The sustainability reports of the car manufacturers are there. Most recently, Jaguar Land Rover was owned by Tata Motors, which said it had committed to reducing greenhouse gas emissions at its operations by 46 percent by 2030.
It would also reduce average vehicle emissions across its value chains by 54 percent, including a 60 percent reduction throughout the use phase of its vehicles. The targets approved by the Science Based Targets Initiative (SBTi) validated the company’s plans for a 1.5°C emission reduction in line with the Paris Agreement. “Jaguar Land Rover’s commitment meets the most ambitious goal set in Paris,” the automaker said in a statement. The company has committed to a second decade of achieving net-zero emissions across its supply chain, product and operations by 2039.
BYD, which recently announced the end of ICE vehicle production, has set a new record for Chinese automakers after achieving monthly sales of 104,338 “new energy” readings: electrified passenger cars in March 2022, up 160 .9% compared to the previous year. In March, BYD sold DM 50,674 PHEV vehicles, up 615.2%. Sales of battery-electric models increased by 229.2% to 53,664 units.
It will be a tough year for the global light vehicle market as supply chain disruptions continue to limit global sales. The US light vehicle market ended March with 1.25 million units sold, down 22% from March 2021 (a strong month). The US market continues to be impacted by a parts shortage resulting in extremely low vehicle inventories. The annualized sales rate (SAAR) was just 13.4 million units in March, according to LMC Automotive’s GlobalData unit. General Motors also led the market in March but ended the first quarter behind Toyota. March 2022 was the fifth weakest month for US light vehicle sales since 2000. First quarter sales totaled 3.29 million units, down 16% from the first quarter of 2021. Historically, and under normal demand conditions, the volume would have been closer to the 4 million mark. LMC analysts are now predicting that supply chain disruptions will continue throughout 2022. Global light vehicle sales are expected to rise just 1% to 82.6 million units – a forecast that has seen a drop of almost 3 million units since February.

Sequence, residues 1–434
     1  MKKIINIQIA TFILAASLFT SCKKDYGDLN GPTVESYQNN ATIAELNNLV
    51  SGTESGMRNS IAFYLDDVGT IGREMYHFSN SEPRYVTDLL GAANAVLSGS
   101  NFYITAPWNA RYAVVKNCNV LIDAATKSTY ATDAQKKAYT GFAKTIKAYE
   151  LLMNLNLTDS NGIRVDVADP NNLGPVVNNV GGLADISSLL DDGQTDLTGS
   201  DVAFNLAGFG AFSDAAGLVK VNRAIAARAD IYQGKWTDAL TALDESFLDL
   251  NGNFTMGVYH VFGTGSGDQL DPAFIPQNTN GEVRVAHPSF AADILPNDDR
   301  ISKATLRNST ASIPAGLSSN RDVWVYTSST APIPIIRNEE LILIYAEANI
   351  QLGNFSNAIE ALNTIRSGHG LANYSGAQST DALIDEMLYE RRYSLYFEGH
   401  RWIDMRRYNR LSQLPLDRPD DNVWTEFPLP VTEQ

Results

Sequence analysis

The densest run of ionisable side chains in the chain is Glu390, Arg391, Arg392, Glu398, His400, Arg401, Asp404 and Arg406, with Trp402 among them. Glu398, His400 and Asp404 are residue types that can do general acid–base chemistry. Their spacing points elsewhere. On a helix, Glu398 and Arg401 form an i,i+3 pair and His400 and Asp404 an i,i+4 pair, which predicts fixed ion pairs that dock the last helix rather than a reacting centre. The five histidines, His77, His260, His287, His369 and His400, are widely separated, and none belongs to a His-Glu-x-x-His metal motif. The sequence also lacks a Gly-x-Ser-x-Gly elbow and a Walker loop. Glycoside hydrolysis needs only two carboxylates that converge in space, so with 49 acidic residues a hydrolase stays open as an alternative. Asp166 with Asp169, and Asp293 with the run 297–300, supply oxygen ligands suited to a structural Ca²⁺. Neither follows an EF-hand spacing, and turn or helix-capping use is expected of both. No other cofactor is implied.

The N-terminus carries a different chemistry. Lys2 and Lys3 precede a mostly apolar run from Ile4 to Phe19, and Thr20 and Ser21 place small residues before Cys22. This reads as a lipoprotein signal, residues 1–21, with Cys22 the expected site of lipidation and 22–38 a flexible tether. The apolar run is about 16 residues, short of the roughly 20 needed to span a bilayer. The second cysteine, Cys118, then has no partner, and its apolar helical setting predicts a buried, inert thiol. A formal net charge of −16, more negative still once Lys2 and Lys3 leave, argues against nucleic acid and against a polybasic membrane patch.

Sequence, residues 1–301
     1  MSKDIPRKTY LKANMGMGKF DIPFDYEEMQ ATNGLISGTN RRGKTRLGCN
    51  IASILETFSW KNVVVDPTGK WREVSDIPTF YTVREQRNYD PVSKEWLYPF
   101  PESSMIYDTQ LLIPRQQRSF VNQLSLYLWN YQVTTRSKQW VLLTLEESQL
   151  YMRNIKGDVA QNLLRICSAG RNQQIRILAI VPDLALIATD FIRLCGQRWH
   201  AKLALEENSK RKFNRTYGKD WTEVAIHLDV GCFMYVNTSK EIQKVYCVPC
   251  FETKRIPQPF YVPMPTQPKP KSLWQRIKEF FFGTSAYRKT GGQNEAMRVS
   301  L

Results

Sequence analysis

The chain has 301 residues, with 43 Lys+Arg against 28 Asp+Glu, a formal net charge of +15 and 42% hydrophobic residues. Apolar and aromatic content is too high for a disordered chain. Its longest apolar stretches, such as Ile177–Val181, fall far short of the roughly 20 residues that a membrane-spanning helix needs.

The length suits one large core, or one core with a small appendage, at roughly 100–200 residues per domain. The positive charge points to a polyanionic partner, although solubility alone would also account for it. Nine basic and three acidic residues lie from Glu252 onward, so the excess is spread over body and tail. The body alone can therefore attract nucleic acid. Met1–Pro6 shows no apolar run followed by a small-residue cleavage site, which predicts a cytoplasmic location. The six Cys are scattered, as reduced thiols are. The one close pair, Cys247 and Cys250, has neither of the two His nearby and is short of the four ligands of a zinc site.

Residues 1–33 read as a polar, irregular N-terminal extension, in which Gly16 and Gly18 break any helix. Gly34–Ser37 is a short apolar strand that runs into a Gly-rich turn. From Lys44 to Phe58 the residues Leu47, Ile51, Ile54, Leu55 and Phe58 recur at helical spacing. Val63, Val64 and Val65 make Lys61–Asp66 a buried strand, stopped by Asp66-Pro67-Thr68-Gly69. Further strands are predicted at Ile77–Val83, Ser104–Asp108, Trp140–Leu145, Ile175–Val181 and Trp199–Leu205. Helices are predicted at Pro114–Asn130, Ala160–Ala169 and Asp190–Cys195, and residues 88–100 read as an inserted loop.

Hertz has bought Teslas and now Polestar is set to join the fleet as the rental car operator buys up to 65,000 electric EVs over five years. Availability is expected to begin in spring 2022 in Europe and late 2022 in North America and Australia. Hertz will initially order the Polestar 2. Hertz said last October that it would offer its customers the largest EV rental fleet in North America and one of the largest in the world. In addition to offering the fleet to its business and leisure customers, Hertz is also expanding electric vehicles to include ridesharing.
Stellantis has sold its remaining 25% stake in Gefco to CMA CGM Group, a transportation and logistics company. “The sale of this non-strategic asset marks the final step in our exit plan from the transportation and logistics industry, initiated a decade ago,” said Carlos Tavares, CEO of Stellantis. “Stellantis now has an efficient global supply chain with multiple logistics suppliers, among which Gefco continues to play a significant role.” CMA CGA said the acquisition will strengthen the range of logistics services that CEVA Logistics, CMA CGM’s logistics subsidiary, offers to its customers , especially in France and the rest of Europe.
Nissan Motor has unveiled a new prototype factory for laminated solid-state battery cells, which the company intends to sell from 2028 as part of its “Ambition 2030” plan. The system was developed by the automaker’s research center in Kanagawa Prefecture with the aim of advancing the development of solid-state batteries. A pilot production line will be established at the Yokohama Auto Plant in fiscal 2024, allowing the automaker to study and optimize materials, design and manufacturing processes ahead of full production later in the decade.